Analysis of the latest industry trends, strategy updates of banks and wealth managers, and taking a close look at key people moves over the third quarter of 2020.

By Giovanni Donati

Asset and Wealth Managers Digital Agenda

While most asset and wealth managers have focused on how to protect their clients from the market risks that have been experienced in 2020, a tech-led reshaping of the industry is starting to take place. Asset and wealth managers have been facing pressure to digitalise their operations and services for quite some time, and challenges brought by the pandemic have made many businesses step back and rethink their structures and business models to be more digitally savvy.

A recent poll by Alpha FMC1 found that over half of asset and wealth managers expect their digital budgets to increase next year, to respond to an increasingly agile environment where clients expect more value, a higher quality of work, and a faster delivery. The survey found that only 23% of firms currently think that their existing digital capabilities meet client needs. It also found that 79% of global asset managers are considering digital as a top or high priority in their agenda, and 20% more currently describe themselves as “getting organised” than in 2019.

Although this is encouraging data, many digital improvements are still needed across the industry and there are also obstacles and unclarity across firms on how to implement such a transformation project. For example, some businesses are unclear on who owns the digital plan in the organisation. Some large global firms have created separate digital functions helmed by digital and transformation officers, while in others it sits in the marketing and distribution units.

Margins Squeezed at Private Banks in Europe

European private banks made a resilient start of 2020 driven by increased portfolio activity due to the uncertainty brought by the pandemic, and they kept their position as the most profitable segment in global banking. They have although stumbled into Covid-19 in a difficult starting position, following a year of declining profits. McKinsey’s European Private Banking Report (2020)2 recently displayed a decade-long trend of compression in profit margin through to the end of last year. Despite favourable market conditions in 2019, the profit pool for the year fell to €13.3 billion from €13.5 billion in 2018. Cost-to-income ratio was recorded at 71%, the highest level since 2012 (Figure 1). The aggregate profit margin fell to a 12-year low of 21 bps of assets under management in 2019, compared to 22 bps in 2018 and 35 bps in 2007; while revenue margin tumbled to a low of 73 bps, compared to 75 bps in 2018 and 96 bps in 2007 (Figure 2).

Figure 1
Figure 2

Assets and People Shift to the EU following Brexit

A recent study by EY3 found that over £1.2 trillion in assets have left the United Kingdom since the EU referendum, as well as 7,500 financial services jobs. The EY's Brexit Tracker has recently reported that 88 firms confirmed at least one location in Europe where they are moving or considering moving to or adding staff since the referendum. The tracker monitors the public statements made by 222 of the largest financial services firms with significant operations in the UK. Dublin remained the top destination for 34 of the 88 firms, while Frankfurt came second with 23 companies, and Paris third with 20. Luxembourg emerged as a key hub especially for fund managers. While some institutions have taken clear decisions, the report also highlighted that many are still on a “wait and see” mode.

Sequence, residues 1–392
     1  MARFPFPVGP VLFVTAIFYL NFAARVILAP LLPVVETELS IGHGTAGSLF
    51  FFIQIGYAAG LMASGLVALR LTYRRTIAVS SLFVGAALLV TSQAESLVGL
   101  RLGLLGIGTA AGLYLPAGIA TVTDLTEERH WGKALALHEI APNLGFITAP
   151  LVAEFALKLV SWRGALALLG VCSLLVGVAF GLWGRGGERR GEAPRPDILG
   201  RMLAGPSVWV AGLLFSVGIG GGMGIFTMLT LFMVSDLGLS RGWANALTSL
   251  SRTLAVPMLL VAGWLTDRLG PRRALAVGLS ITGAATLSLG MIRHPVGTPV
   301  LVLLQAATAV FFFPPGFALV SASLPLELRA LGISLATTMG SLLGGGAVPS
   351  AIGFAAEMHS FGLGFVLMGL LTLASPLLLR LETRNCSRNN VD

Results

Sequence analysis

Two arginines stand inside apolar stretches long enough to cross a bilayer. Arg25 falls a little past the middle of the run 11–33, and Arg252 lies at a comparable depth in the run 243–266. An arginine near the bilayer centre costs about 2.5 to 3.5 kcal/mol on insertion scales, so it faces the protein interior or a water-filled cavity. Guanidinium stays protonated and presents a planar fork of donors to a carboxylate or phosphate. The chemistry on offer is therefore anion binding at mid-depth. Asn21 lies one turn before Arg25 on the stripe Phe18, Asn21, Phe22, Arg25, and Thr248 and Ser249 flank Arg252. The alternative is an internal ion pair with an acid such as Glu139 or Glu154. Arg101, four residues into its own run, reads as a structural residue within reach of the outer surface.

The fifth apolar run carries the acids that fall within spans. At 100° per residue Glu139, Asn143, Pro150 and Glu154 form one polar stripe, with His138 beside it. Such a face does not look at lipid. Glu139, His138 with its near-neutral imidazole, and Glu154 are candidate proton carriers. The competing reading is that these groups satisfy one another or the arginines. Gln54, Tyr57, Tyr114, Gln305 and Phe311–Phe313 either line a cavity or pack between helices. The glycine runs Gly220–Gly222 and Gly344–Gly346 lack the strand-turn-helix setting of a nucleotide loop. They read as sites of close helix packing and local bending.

A number of UK-headquartered banks have been notifying clients living in the EU that they will no longer be able to provide them UK-based banking services from January. Coutts has reportedly begun closing EU accounts, joining banks like Lloyds and Barclays that have already started the process.

Overall, the number of UK citizens emigrating to the EU has risen by 30% since the Brexit vote, The latest data from the Organisation for Economic Co-operation and Development (OECD) highlights Brexit as the "dominant driver" of such decisions made since 2016. Migration from Britain to EU states averaged 56,832 people a year in the period 2008 - 2015, growing to 73,642 a year in 2016 - 2018. Spain was recorded as the main migration state, where an estimated 380,000 British nationals currently live. OECD also highlighted that the number of UK citizens attaining an EU member state passport jumped by more than 500% across the continent, including a significant rise of more than 2,000% in Germany alone.

UK’s First Digital Assets Exchange Approved

The Financial Conduct Authority (FCA) approved the application of Archax4 to be regulated as the UK's first digital securities exchange and custodian. The approval makes Archax the first Virtual Asset Service Provider (VASP) in the United Kingdom under the FCA's crypto asset registration, a new registration that was introduced earlier this year as part of the amended Money Laundering Regulations (5MLD) and is now mandatory for all crypto asset firms. The move is an important milestone as it makes it possible for investors in digital tokens around the world to trade on a secondary listed exchange authorised by an internationally recognised regulator.

UAE Merging Financial Regulators

The United Arab Emirates (UAE) announced the long-awaited merge of its financial sector regulators, the Insurance Authority (IA) and the Securities and Commodities Authority (SCA), to be overseen by the Ministry for the Economy. Although at this stage it is hard to understand if the merger of the IA and SCA will result in a corresponding merger of their regulatory frameworks, hopes are that current gaps and ambiguities that exist between the respective regimes will be addressed. This will provide more clarity for advisory firms, service providers and investors. The move comes as part of a wider simplification of the federal government's structure. Sheikh Mohammed bin Rashid Al Maktoum, UAE vice president and ruler of Dubai, said the aim was "a government that can more quickly make decisions and deal with changes and more adeptly seize opportunities in dealing with this new stage in our history; a swift and agile government".

Retirement Visa for Over-55s Launched in Dubai